Heat Waves Can Endanger Our Health
As it does every year at the start of hot weather, the Department of Health Affairs is implementing an information and prevention scheme to raise awareness of the risks of extreme heat.
Exposure to extreme heat is stressful for the body. The most serious complications are the risks of dehydration and heat stroke.
- 1. What risks are associated with extreme heat?
Extreme heat can affect your health.
Depending on a person's age, the body reacts differently to extreme heat.
When a person is elderly, their body does not perspire very much, and it is therefore difficult to maintain a temperature of 37°. As a result, body temperature can increase - there is a risk of heat stroke (hyperthermia – a temperature above 40° with altered consciousness).
In children and adults, the body perspires copiously to maintain the correct temperature. However, as a result, water is lost, with a risk of dehydration.
In addition, pregnancy, a number of diseases and the use of certain medications can have harmful effects on your health, in extreme heat. These issues should be discussed with your doctor and pharmacist.
Simple steps can prevent accidents, especially at the beginning of a heat wave. You should be prepared before the first signs of physical discomfort appear, even if they seem trivial.
- 2. What action should be taken in extreme heat?
- Protect yourself at the hottest times of the day
- avoid staying in the full sun;
- avoid going out during the hottest times of the day (from 11 a.m. to 5 p.m.) If possible, try to rest in a cool place at "siesta time";
- avoid energetic outdoor activities (such as gardening and DIY), and physical exertion;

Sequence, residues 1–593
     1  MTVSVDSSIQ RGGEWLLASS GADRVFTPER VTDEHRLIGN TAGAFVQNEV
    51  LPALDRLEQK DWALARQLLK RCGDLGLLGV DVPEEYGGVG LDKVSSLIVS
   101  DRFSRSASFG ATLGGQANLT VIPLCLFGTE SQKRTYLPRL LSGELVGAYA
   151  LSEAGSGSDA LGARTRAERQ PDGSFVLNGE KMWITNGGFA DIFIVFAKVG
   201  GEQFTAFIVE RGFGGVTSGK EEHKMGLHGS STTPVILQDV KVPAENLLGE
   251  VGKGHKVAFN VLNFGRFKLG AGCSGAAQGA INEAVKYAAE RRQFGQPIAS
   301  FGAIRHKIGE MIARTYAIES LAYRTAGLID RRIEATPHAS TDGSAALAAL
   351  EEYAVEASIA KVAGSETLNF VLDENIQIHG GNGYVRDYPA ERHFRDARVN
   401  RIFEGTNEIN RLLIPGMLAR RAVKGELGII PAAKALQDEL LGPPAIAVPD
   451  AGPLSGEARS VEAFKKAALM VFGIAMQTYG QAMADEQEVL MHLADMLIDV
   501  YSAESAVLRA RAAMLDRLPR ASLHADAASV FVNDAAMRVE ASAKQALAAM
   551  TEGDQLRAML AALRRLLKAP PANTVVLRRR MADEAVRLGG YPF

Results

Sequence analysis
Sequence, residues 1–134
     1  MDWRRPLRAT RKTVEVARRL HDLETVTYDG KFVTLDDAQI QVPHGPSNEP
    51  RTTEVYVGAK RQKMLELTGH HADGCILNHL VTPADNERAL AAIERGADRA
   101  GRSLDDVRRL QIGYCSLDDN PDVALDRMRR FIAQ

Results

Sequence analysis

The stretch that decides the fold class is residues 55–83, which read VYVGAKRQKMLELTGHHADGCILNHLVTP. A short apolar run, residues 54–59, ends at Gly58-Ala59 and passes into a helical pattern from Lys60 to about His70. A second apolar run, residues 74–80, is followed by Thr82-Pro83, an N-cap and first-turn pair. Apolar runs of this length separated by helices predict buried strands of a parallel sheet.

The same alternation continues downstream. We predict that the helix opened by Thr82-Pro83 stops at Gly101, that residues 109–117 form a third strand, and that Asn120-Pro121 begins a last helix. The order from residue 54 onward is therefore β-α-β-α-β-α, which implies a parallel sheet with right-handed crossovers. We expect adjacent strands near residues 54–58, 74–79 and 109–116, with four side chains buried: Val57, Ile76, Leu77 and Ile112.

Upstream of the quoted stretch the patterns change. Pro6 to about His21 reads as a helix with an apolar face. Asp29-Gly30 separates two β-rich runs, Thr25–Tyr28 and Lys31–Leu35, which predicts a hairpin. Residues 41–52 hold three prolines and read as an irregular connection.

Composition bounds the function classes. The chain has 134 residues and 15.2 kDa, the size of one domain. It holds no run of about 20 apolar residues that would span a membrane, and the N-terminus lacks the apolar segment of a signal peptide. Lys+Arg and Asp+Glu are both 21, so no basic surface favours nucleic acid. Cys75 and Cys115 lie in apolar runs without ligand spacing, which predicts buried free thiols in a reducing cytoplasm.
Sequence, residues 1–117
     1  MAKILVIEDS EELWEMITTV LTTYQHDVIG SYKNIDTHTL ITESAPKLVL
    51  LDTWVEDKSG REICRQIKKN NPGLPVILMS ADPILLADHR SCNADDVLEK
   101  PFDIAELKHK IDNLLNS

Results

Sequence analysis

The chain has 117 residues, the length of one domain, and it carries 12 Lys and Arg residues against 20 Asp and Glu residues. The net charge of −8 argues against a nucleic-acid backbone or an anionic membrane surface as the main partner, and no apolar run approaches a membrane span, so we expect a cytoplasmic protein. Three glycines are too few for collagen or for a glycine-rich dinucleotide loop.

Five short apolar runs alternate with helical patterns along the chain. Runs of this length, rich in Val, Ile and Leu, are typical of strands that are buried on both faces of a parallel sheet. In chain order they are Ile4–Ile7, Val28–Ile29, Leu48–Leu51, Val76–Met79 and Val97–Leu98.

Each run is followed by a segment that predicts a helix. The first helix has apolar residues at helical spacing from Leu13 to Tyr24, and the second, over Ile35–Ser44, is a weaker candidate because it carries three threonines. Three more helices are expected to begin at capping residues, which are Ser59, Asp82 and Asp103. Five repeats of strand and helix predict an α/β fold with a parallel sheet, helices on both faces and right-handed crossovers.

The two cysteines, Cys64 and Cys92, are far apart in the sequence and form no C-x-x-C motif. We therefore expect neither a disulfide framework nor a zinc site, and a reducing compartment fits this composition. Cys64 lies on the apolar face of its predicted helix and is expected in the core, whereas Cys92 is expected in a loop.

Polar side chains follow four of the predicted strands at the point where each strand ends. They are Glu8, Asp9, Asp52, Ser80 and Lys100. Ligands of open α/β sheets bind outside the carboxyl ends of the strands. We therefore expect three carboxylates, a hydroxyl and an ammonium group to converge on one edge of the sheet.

- wear a hat and loose (cotton ) clothing in a light colour;
- keep your home cool (close the windows and shutters during the day and open them in the evening and at night if it's cooler)
- hang a wet towel by an open window;
- if the indoor temperature exceeds 32°C, fans will not counteract the intense heat, as they move the air around without cooling it and speed up dehydration;
- if possible, pour water on your terrace and balcony in the evening after sunset, particularly those that are west facing;
- check that your refrigerator is working correctly.
- Cool yourself down
- take cool baths or showers regularly (but not cold);
- moisten your body several times a day with a water spray or flannel;
- spend 2 to 3 hours a day in a cool place
- Drink and continue to eat
- drink at least 1.5 litres of water per day;
- drink water regularly – don't wait until you're thirsty;
- help the elderly, children and infants to stay hydrated;
- avoid drinking alcohol, coffee, tea, fizzy drinks and sugary drinks, as these can lead to dehydration;
- make sure you eat enough; choose cold food that contains a lot of water (such as fruit and raw vegetables);
- keep away from heat sources (such as an oven).
- Ask your doctor or pharmacist for advice
- before taking any medicines, even if they are on sale without a prescription;
- about any unusual symptoms.
- Ask for help
- at work, stay vigilant of yourself and your colleagues;
- give your family and friends regular updates, and, if necessary, don't be afraid to ask them for help immediately; if you feel unwell, contact the Fire and Emergency Service by dialling 112 (for yourself or for someone else in need).